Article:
Earlier today Paul cited Youngstown Sheet and Tube, the landmark case that ruled that it was unconstitutional for Truman to seize steel mills during the Korean War after the policy had been implicitly rejected by Congress. Robert Jackson’s famous concurrence in the case remains highly relevant to our current political moment:
This contemporary foreign experience may be inconclusive as to the wisdom of lodging emergency powers somewhere in a modern government. But it suggests that emergency powers are consistent with free government only when their control is lodged elsewhere than in the Executive who exercises them. That is the safeguard that would be nullified by our adoption of the “inherent powers” formula. Nothing in my experience convinces me that such risks are warranted by any real necessity, although such powers would, of course, be an executive convenience.
In the practical working of our Government, we already have evolved a technique within the framework of the Constitution by which normal executive powers may be considerably expanded to meet an emergency. Congress may and has granted extraordinary authorities which lie dormant in normal times but may be called into play by the Executive in war or upon proclamation of a national emergency. In 1939, upon congressional request, the Attorney General listed ninety-nine such separate statutory grants by Congress of emergency or wartime executive powers. They were invoked from time to time as need appeared. Under this procedure, we retain Government by law — special, temporary law, perhaps, but law nonetheless. The public may know the extent and limitations of the powers that can be asserted, and persons affected may be informed from the statute of their rights and duties.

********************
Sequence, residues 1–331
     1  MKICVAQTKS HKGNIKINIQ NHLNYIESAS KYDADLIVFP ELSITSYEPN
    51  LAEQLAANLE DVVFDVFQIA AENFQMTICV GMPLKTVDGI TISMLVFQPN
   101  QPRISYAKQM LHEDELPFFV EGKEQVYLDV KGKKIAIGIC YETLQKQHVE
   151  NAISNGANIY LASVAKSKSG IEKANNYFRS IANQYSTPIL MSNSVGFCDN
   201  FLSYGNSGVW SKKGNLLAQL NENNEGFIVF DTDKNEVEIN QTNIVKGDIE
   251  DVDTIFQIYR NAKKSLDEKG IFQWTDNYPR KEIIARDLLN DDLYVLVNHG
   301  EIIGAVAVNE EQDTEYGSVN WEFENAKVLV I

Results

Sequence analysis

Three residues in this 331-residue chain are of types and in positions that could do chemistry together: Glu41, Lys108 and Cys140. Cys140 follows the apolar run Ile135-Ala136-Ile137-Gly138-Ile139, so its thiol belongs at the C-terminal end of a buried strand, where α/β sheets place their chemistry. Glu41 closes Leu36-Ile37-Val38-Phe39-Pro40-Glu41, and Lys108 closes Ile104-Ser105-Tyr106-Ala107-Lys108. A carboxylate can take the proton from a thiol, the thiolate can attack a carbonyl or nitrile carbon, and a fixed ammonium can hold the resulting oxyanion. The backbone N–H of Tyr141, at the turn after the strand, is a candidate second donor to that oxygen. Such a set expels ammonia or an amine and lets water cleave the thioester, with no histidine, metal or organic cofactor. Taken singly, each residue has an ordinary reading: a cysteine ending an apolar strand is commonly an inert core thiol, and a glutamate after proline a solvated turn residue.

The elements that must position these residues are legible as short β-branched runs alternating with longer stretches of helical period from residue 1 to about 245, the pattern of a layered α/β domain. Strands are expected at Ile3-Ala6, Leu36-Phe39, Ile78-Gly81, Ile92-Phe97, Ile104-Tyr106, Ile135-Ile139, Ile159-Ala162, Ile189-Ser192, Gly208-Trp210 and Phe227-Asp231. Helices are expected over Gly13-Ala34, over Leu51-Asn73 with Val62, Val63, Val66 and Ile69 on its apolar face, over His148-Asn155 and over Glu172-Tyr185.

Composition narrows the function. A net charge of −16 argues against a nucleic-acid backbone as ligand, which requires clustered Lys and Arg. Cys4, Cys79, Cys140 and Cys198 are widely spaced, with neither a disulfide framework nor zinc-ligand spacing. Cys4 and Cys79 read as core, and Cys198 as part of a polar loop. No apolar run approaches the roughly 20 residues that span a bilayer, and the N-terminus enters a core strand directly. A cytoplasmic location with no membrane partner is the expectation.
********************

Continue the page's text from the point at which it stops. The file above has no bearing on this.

In view of the ease, expedition and safety with which Congress can grant and has granted large emergency powers, certainly ample to embrace this crisis, I am quite unimpressed with the argument that we should affirm possession of them without statute. Such power either has no beginning or it has no end. If it exists, it need submit to no legal restraint. I am not alarmed that it would plunge us straightway into dictatorship, but it is at least a step in that wrong direction.
I cannot be brought to believe that this country will suffer if the Court refuses further to aggrandize the presidential office, already so potent and so relatively immune from judicial review, at the expense of Congress.
But I have no illusion that any decision by this Court can keep power in the hands of Congress if it is not wise and timely in meeting its problems. A crisis that challenges the President equally, or perhaps primarily, challenges Congress. If not good law, there was worldly wisdom in the maxim attributed to Napoleon that “The tools belong to the man who can use them.” We may say that power to legislate for emergencies belongs in the hands of Congress, but only Congress itself can prevent power from slipping through its fingers.